Fresh guidance for prosecutors to help clamp down on child sex dolls trade

Fresh guidance for prosecutors to help clamp down on child sex dolls trade
Fresh guidance for prosecutors to help clamp down on child sex dolls trade
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Prosecutors have been equipped with fresh guidance about how to tackle the trade in sex dolls resembling children, with more than a dozen a month being seized at the border.

The Crown Prosecution Service (CPS) said on Thursday the measures would help clamp down on the issue.

Charities and investigators have called for a crackdown on the objects, which are manufactured to allow adults to engage in sex acts with them.

Customs officials have reported seizing 230 items suspected to be child sex dolls in the past 18 months, the CPS said.

While there is no specific offence of possessing the dolls, prosecutors are being told to go after suspects under existing laws, such as one prohibiting the importation of obscene articles.

This was how Brian Leach, a 62-year-old from Maidstone, Kent, ended up being handed a 28-week jail sentence last month.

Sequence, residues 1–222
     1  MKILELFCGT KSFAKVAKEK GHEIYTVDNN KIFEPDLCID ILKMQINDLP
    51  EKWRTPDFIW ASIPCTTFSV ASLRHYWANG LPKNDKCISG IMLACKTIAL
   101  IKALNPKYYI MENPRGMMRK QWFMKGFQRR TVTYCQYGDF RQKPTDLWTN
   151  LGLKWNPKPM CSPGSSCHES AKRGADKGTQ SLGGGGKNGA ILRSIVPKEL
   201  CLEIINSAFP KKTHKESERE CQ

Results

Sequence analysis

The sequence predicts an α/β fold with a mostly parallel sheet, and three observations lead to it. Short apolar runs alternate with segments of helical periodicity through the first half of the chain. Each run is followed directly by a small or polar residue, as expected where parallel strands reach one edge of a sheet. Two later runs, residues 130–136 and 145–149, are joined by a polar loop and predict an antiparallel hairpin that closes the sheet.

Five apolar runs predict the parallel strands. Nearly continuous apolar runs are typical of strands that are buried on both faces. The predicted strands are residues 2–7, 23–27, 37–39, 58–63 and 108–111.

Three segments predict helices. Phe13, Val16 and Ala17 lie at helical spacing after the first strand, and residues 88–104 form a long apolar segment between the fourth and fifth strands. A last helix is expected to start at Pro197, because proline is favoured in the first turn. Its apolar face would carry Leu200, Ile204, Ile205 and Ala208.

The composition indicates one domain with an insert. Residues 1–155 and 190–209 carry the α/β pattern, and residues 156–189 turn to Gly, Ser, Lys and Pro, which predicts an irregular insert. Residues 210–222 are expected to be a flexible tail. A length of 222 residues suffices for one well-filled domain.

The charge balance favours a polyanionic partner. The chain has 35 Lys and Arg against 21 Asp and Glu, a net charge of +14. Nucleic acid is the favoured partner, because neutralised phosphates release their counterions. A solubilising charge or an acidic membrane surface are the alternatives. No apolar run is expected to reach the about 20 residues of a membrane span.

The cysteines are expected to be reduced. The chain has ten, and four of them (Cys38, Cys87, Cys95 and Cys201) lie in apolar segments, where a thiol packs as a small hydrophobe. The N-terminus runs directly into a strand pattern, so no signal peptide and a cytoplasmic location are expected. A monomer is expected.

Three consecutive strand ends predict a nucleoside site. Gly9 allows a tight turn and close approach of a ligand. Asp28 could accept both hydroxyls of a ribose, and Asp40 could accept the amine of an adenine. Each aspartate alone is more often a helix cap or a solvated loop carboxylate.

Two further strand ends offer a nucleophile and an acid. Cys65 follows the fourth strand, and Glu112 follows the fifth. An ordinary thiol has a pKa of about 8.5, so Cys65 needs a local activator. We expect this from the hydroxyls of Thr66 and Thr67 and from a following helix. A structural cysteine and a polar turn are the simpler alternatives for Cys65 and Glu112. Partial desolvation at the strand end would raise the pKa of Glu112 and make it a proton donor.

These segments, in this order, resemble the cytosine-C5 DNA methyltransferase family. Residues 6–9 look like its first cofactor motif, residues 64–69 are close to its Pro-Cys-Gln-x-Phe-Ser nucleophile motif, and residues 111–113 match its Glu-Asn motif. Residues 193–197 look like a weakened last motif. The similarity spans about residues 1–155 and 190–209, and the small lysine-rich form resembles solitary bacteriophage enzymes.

He was arrested after ordering a 100cm-tall doll from China, which was worth £500, before admitting the importation offence as well as making indecent images of a child.

Despite claiming the doll was to be a companion, police said the package included accessories "which clearly indicated it to be an object for sexual gratification".

The children's charity, the NSPCC, has previously called on ministers to close a "legal loophole" by making it an offence to create, distribute or possess the dolls.

But the organisation welcomed the CPS's measures which it said it hoped would "clamp down" on distributors and act as a "deterrent" to potential buyers.

"There is no ambiguity that they are designed to depict children and their purpose is to stimulate sex," a spokesman added.

"We have serious worries that adults who use sex dolls could become desensitised and their behaviour become normal to them so that they go on to harm children."

The importation of obscene articles charge carries a maximum of seven years' imprisonment, but the CPS is also recommending using obscenity and postal laws.

Investigations have also started with a suspect being caught with a doll, before being charged with separate offences.

Donald Styles, 61, from Newton Abbot, Devon, was jailed on Wednesday for 18 months for possession and making indecent photographs.

But the investigation into him started when the National Crime Agency (NCA) discovered he was importing a suspected child sex doll, a CPS spokesman said.

NCA specialist operations manager Hazel Stewart said: "There is no place in society for these dolls. Importing them is a crucial flag to potential offending against children."

She added that 20 of 26 recent offenders convicted over child sex dolls were also found with indecent images of children.

Greg McGill, a CPS director, said: "We will not hesitate to apply the law against anybody caught encouraging or indulging in this disturbing behaviour - and this guidance will aid our prosecutors to do just that."